I would’ve reviewed this, but after hearing two songs we winged it across the room in disgust, smashing it to fifty pieces. Unadulterated dance music bites the dust!
Highly produced yet still garage-based R’n’R, both songs have a CRAMPS-like feel though the B-side is much more basic.
This one sounds more Swedish than Finnish, with an accent on well-constructed thrash with great tunes, melodies, and a variety of paces. Like it very much.
An over-the-edge group with a lot to say. This is not rock and roll, but is a pop form of experimental music, largely instrumental, but with thought-provoking printed accompaniment. Not too pretentious.
Two uneventful covers of ’50’s tunes. For a good update of the B-side, check out the KINKS’ cover of this CHUCK BERRY obscurity on their debut You Really Got Me LP.
An interesting mix of ’60’s pop, late-’70’s Boston rock’n’roll, country, MINUTEMEN, and REPLACEMENTS. All the recent Midnight releases seem to be less raw and aimed at a “broader audience.” This might be the one to attain that.
Folky-rocky with a decent beat, but a bit lacking in energy on the A-side. Nothing special, from New Zealand.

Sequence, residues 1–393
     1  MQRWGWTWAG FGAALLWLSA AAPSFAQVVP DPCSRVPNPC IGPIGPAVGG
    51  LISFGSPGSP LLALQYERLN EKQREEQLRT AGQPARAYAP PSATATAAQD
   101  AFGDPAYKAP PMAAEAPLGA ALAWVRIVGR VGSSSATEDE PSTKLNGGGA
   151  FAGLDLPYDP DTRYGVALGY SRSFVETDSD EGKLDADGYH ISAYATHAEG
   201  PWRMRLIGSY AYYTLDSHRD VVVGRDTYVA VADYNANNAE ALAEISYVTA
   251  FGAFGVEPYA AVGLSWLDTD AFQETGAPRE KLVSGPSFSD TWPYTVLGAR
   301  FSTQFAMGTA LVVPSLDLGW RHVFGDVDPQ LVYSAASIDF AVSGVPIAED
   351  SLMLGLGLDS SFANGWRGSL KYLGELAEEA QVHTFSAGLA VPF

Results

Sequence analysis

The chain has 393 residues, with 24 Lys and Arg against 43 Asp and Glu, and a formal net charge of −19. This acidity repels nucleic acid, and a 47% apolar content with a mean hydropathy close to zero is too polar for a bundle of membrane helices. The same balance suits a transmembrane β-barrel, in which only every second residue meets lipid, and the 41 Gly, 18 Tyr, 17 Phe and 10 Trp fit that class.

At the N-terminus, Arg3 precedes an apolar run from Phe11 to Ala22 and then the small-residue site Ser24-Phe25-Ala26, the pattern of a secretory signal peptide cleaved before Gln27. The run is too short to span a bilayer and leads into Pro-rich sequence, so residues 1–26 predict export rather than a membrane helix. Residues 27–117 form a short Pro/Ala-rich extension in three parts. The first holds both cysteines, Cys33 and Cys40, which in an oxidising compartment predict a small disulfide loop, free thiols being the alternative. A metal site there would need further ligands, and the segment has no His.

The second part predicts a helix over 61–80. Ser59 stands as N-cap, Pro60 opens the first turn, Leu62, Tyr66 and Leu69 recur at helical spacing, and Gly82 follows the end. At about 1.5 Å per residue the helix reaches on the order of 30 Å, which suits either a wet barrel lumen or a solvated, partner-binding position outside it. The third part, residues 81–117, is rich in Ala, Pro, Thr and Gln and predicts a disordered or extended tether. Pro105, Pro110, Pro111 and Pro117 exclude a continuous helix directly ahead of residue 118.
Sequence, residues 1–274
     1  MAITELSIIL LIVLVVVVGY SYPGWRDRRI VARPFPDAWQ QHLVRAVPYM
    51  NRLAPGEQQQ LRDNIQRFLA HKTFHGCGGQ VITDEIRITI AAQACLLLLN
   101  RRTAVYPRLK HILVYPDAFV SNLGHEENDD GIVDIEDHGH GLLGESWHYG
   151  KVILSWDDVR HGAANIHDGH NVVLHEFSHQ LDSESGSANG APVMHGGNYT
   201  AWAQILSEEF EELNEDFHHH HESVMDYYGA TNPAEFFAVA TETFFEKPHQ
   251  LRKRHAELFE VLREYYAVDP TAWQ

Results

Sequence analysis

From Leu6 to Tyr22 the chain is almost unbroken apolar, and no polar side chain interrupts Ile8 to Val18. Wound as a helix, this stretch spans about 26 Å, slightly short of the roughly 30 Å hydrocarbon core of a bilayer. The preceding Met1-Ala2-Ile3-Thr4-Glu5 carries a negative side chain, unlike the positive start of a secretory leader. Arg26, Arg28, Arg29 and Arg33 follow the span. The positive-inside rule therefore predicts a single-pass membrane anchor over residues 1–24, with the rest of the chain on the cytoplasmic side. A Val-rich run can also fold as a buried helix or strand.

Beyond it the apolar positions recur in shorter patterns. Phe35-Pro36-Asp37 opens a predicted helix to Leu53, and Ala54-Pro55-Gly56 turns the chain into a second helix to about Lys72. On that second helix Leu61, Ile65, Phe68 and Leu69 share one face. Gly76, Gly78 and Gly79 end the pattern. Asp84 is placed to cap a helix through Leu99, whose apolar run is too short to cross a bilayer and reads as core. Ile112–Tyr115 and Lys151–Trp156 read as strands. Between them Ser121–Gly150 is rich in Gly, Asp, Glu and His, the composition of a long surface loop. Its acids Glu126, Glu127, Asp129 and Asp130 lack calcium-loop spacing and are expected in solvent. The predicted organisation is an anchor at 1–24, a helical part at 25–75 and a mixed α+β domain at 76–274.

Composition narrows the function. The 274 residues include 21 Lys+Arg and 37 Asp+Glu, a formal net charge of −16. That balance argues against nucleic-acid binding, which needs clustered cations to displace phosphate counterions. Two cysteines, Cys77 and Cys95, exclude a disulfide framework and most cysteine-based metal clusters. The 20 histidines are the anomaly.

Their second release contains a slower droner, two PISTOLS type tunes, and two thrashers. All are well done, lots of guitar power as well as atmosphere. Good.
Wouldn’t normally review shit like this (you got it—HANOI ROCKS B.S.), except that this is what became of the once-awesome COMES. Incredible.
First, the music of GAUZE, OUTO, LIPCREAM, and SYSTEMATIC DEATH comprise some of Japan’s best HC, a variety of approaches, all gripping. Now the cover—one of the best all time graphic jobs, both in layout and content. Impressive.
This compilation is put out by Senzapatria, whose political magazine is included with this disc. Bands featured are MYDGARD, LINK LARM, DISPERAZIONE, and ANTISBARCO, who present different brands of hardcore. As with many of the Italian bands, their tastes run eclectic, and within any given song you’ll hear lots of changes and styles. Stiv art graces the cover.